The piece, written for symphony orchestra, is the perfect implementation of the principles outlined in the treatise on orchestration (Traité d'instrumentation et d'orchestration modernes) which Berlioz published in the same 1844. At the same time it is one of the most representative examples of the inventive exuberance and brilliant instrumental taste of the brilliant French musician: the piece begins with a lively sound explosion, followed by the re-enactment of the landscape of the Roman countryside; different themes intersect and intertwine with each other in a wide-ranging discourse that takes on particularly colorful and descriptive tones with the entry of the tambourine, the triangle and the cymbals. A quick and dancing saltarello is grafted onto this episode, which contains the rhythmic and timbric verve of the overture.

Camille Saint-Saëns (Paris 1835 - Algiers 1921)

The Carnaval des Animaux  (Carnival of the Animals), 1886

The carnaval des animaux  is one of the best known pieces of Saint-Saëns, originally written as divertissement private but then risen to global popularity. Composed of two pianos and a small orchestra, this 'great zoological fantasy' was designed to celebrate the Mardi gras in the circle of friends, and was in fact performed in Paris on March 9, 1886 in the home of the cellist Charles Lebouc, son-in-law of the great tenor Nourrit; only Liszt, passing through Paris and on the recommendation of Pauline Viardot, was able to witness an execution of the fantasy. In fact, Saint-Saëns forbade the performance and printing of the score until his death, fearing that a piece so not very 'serious', in which, moreover, he mocked colleagues and critics, could harm his career. The composition was thus published by Durand immediately after the death of Saint-Saëns, and had its first public performance in Paris on February 26, 1922 under the direction of Gabriel Pierné.

The Carnaval, divided into 14 numbers, each of which musically paints as many anthropomorphized animals, immediately liked for the brilliance of the writing, full of verve and humor, and for the singularity of the subject, with those animals that were also an ironic roundup of characters from the Parisian musical environment.

To represent the Saint-Saëns Turtles, for example, he uses the famous theme of Jacques Offenbach's Can Can, which is the last piece proposed on our list, (from Orphée aux enfers quotes "La, La, la, la, la, partons, marchons" is "Ce bal est original, d'un galop infernal") but slowed down in a grotesque way, accentuated by the banal accompaniment of the piano.

Jaques Offenbach (Cologne 1819 - Paris 1880)

From La Périchole  Ah! That diner ...  (1868)

La Périchole, opéra bouffe in three acts by Jacques Offenbach, with libretto by Henri Meilhac and Ludovic Halévy, is based on comedy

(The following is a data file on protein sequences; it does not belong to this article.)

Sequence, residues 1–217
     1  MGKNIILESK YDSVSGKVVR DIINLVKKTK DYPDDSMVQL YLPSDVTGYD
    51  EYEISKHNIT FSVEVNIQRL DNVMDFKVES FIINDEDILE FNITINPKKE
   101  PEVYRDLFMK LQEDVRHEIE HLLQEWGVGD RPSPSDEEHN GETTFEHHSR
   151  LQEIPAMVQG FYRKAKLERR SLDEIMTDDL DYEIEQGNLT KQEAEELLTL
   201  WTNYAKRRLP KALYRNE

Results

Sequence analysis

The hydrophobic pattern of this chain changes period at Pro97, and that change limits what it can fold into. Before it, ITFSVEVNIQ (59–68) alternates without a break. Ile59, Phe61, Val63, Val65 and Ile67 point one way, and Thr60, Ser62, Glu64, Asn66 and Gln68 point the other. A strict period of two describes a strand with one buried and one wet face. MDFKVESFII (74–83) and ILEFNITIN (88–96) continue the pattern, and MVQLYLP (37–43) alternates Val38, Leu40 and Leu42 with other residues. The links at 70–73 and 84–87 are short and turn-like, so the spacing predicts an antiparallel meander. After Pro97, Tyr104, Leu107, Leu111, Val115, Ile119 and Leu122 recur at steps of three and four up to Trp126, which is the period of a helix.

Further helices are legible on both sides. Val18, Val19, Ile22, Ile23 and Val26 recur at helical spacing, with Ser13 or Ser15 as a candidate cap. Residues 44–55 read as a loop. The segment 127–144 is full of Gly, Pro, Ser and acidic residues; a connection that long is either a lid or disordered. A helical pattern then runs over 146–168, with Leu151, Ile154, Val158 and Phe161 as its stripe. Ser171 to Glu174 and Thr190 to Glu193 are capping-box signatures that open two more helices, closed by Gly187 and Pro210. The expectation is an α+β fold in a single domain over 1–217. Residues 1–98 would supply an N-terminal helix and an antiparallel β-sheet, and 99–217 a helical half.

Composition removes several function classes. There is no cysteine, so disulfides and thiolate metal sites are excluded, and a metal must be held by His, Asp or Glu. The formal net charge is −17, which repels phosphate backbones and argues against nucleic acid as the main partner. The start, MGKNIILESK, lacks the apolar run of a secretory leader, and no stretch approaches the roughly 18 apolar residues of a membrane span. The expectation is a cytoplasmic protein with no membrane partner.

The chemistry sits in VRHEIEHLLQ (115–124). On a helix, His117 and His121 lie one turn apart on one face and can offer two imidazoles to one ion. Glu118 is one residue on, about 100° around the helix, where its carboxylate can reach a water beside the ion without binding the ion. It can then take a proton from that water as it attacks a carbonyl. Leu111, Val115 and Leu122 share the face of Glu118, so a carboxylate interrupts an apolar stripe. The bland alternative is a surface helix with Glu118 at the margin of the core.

Le Carrosse du Saint-Sacramento, by Prosper Mérimée (1829), in turn inspired by the events of a truly existed character, the famous Peruvian actress, singer and dancer María Micaela Villegas called la Perricholi (Lima 1748 - 1819), lover of Manuel de Amat y Juniet, viceroy of the Peru in the period 1761-1776. From Mérimée Jean Renoir drew a famous film with Anna Magnani, The golden carriage.

The plot of the opera, set against the exotic backdrop of Peru, has a happy ending when the protagonist, after various ups and downs, manages to marry her beloved Piquillo.

Really hilarious and the air Ah that diner ..., that the Périchole sings in a state of delightful intoxication.

Pietro Mascagni ((Livorno 1863 - Rome 1945)

From The masks,  Tartaglia  That's a road ...  (1901)

The masks, an opera in a prologue and three acts by Pietro Mascagni on a libretto by Luigi Illica, is a tribute to Rossini's comic opera and to the tradition of the commedia dell'arte. The opera debuted in 1901 simultaneously in six different Italian cities, but was unsuccessful - not even at La Scala under the baton of Toscanini - except for the performance at the Costanzi in Rome directed by Mascagni himself. After a few sporadic takes, the work has been forgotten, but sometimes the funny aria of the stammering baritone Tartaglia is revived, 'That's a road….'

Jaques Offenbach (Cologne 1819 - Paris 1880)

From Orphée aux enfers, Galop infernal (1858)

Another comic opera by Offenbach, performed for the first time in 1858 at the Théâtre des Bouffes-Parisiens.

The plot takes up, in a comic-satirical key, the mythological story of the descent of Orpheus into hell to bring his beloved Eurydice back to life. It is a decidedly spectacular work, which constitutes the first peak of Offenbach's opera production.

Made wildly popular by the unleashed Galop infernal  of the finale (the main theme of the can-can), Orphée it is one of the fundamental works of the French lyric repertoire.